Peace advocacy group, Heal Zimbabwe has called on the National Peace and Reconciliation Commission (NPRC) to urgently deal with contentious reconciliation issues such as Gukurahundi castigating the snail pace with which the body is carrying out its duties.
In a statement released to commemorate International Day of Peace, Heal Zimbabwe commended NPRC for holding consultative workshops aimed at engaging stakeholders on issues of national healing and reconciliation in the past but called on the independent commission to tackle more serious issues.
“The snail’s pace with which the NPRC is carrying out its constitutional mandates such as ensuring post-conflict justice, healing and reconciliation is not only worrying but frustrating given that the nation is in dire need of healing and reconciliation. It is Heal Zimbabwe’s view that by now, NPRC would have commenced in earnest tackling key reconciliation issues such as Gukurahundi and the 2008 violence among others.
“The NPRC must swiftly move in to tackle contentious reconciliation issues such as Gukurahundi in compliance with Section 252 (c) of the constitution that stipulates that the NPRC must ‘bring about national reconciliation by encouraging people to tell the truth about the past and facilitating the making of amends and the provision of justice,” the group said.
Chapter 232 of the constitution of Zimbabwe establishes Independent Commissions particularly the National Peace and Reconciliation Commission (NPRC) whose mandate as enunciated in Section 252 (b) is to “develop and implement programmes to promote national healing, unity and cohesion in Zimbabwe and the peaceful resolution of disputes.
The commemorations this year are running under the theme, “The Right to Peace-The Universal Declaration of Human Rights at 70”.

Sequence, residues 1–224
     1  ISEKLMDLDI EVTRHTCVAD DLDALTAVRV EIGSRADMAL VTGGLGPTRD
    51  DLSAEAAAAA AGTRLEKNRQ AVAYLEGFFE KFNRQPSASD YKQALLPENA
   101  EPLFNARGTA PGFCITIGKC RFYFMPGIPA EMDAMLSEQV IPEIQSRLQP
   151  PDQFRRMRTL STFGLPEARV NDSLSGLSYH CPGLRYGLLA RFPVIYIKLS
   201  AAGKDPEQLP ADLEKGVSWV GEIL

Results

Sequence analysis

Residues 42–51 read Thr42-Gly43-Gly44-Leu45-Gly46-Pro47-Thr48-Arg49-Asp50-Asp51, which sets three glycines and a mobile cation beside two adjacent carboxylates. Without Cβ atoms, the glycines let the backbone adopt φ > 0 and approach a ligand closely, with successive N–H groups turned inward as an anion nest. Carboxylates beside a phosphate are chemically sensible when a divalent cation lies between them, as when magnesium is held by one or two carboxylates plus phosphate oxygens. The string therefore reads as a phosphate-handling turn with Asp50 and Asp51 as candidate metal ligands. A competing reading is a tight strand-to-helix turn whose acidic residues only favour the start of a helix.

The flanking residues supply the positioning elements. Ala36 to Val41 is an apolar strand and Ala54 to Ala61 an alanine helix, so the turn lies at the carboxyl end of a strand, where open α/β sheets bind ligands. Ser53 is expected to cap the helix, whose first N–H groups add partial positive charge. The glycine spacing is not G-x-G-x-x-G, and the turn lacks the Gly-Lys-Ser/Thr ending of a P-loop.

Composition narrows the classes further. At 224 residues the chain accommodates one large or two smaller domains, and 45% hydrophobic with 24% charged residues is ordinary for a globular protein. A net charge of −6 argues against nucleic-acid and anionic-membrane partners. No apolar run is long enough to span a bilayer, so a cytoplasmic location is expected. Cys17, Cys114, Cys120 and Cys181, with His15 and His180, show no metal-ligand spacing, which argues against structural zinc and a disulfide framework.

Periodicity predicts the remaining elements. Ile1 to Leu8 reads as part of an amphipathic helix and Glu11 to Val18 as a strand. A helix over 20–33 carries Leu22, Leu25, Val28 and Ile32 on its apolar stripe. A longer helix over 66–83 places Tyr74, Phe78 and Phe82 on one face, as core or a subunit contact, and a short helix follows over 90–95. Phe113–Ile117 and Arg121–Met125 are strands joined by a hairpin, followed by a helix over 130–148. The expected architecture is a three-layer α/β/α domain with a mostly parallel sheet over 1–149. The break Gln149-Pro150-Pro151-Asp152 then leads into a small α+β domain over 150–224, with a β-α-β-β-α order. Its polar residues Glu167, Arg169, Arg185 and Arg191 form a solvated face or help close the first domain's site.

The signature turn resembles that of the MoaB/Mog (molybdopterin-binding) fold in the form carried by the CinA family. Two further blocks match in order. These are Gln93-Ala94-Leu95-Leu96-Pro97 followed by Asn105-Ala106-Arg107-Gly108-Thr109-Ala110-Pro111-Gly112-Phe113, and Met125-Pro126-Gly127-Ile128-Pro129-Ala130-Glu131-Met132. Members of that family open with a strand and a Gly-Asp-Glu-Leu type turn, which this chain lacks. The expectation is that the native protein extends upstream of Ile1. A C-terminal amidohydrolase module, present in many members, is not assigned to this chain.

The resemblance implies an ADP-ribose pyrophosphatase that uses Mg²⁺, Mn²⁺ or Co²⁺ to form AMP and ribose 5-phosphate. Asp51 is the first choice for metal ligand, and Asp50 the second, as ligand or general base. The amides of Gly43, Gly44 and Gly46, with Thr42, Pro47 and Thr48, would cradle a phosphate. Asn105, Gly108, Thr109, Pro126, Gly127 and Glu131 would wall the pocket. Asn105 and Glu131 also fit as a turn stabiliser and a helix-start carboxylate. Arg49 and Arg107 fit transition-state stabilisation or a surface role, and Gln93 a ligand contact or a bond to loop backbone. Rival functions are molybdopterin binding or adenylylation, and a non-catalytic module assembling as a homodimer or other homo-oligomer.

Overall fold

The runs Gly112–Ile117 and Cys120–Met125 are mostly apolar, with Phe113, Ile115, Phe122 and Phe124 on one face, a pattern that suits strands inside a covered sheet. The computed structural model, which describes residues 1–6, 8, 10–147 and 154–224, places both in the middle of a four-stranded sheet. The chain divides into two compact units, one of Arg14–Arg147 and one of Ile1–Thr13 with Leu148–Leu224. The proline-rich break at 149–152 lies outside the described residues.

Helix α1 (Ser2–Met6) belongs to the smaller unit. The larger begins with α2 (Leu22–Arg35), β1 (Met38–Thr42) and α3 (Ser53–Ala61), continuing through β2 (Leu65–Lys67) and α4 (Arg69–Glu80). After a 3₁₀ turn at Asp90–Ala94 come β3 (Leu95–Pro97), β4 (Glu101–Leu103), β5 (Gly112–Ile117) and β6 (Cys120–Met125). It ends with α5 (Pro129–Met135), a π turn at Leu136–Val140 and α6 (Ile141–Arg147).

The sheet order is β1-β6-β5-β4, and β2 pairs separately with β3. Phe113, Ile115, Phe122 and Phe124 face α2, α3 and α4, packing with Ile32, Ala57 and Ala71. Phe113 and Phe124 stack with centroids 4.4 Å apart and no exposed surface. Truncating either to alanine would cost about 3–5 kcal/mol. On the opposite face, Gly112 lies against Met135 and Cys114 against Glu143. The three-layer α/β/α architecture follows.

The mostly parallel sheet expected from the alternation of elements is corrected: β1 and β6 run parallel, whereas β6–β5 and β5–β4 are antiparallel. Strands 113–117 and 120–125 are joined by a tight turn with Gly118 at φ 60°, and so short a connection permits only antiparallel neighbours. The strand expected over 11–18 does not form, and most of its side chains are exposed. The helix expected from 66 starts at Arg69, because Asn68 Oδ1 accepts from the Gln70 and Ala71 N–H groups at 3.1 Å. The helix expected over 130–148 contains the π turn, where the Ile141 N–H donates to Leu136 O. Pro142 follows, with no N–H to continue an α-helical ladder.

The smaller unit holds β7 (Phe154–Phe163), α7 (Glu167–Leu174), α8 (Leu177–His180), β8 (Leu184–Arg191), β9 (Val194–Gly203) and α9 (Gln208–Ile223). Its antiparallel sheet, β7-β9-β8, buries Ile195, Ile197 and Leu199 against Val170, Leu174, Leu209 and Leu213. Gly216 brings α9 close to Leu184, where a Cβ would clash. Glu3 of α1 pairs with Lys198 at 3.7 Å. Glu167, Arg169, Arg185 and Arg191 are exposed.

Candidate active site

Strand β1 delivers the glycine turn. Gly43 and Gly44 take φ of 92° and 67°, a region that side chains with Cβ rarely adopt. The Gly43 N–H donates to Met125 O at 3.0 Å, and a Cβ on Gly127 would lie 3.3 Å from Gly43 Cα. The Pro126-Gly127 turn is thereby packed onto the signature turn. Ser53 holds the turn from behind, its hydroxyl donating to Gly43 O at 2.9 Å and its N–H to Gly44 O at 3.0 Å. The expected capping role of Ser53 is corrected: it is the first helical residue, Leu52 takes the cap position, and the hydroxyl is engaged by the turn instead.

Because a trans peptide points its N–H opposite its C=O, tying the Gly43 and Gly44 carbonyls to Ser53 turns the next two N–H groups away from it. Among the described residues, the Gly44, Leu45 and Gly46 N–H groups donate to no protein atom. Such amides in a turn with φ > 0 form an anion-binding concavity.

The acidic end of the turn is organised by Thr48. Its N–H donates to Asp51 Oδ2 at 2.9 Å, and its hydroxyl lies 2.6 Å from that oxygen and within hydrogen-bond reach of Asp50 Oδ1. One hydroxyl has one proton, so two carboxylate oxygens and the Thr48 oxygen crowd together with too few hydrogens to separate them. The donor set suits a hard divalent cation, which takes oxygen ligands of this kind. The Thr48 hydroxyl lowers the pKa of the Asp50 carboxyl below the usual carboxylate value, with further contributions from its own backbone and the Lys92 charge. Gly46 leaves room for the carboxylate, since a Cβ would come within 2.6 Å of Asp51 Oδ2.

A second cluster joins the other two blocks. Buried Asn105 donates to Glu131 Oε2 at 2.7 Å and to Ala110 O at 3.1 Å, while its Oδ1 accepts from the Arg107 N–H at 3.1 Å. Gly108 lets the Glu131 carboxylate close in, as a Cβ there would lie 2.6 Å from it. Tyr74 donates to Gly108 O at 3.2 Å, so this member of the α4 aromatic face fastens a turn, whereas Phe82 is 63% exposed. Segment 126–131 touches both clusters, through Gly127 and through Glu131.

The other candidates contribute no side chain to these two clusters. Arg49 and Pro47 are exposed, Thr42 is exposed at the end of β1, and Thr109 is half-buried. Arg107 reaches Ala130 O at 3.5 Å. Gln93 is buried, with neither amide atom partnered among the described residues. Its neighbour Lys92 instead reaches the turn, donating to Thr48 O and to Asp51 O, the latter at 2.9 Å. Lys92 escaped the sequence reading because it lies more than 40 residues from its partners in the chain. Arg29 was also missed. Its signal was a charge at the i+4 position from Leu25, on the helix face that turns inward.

However, the day came at a time when the Zimbabwe Republic Police has been tormenting street vendors by using excessive force and confiscating their wares.
Recently, the government issued a statement ordering vendors to “voluntarily” move off the streets.
However, the vendors stayed put and police moved in to disperse them.
Article 5 of the African (Banjul) Charter on Human and Peoples’ Rights highlights that “Every individual shall have the right to the respect of the dignity inherent in a human being and to the recognition of his legal status.
“All forms of exploitation and degradation of man particularly slavery, the slave trade, torture, cruel, inhuman or degrading punishment, and treatment shall be prohibited.”
In his message on this a historic day, United Nations Secretary-General António Guterres underscored the need for all nations to uphold the provisions enunciated in the UDHR.
“It is time all nations and all people live up to the words of the Universal Declaration of Human Rights, which recognizes the inherent dignity and equal and inalienable rights of all members of the human race. This year marks the 70th anniversary of that landmark document,” he said.